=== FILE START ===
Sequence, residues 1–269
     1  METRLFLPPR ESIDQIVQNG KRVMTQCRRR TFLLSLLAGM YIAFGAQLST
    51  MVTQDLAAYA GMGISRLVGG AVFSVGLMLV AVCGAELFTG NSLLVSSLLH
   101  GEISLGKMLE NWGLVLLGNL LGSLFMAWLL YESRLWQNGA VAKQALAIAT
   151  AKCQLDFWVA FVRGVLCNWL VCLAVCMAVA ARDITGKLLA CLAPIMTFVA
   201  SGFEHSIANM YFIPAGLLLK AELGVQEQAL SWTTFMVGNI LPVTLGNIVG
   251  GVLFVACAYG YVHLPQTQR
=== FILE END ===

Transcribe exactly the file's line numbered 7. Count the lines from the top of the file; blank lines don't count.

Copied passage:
   251  GVLFVACAYG YVHLPQTQR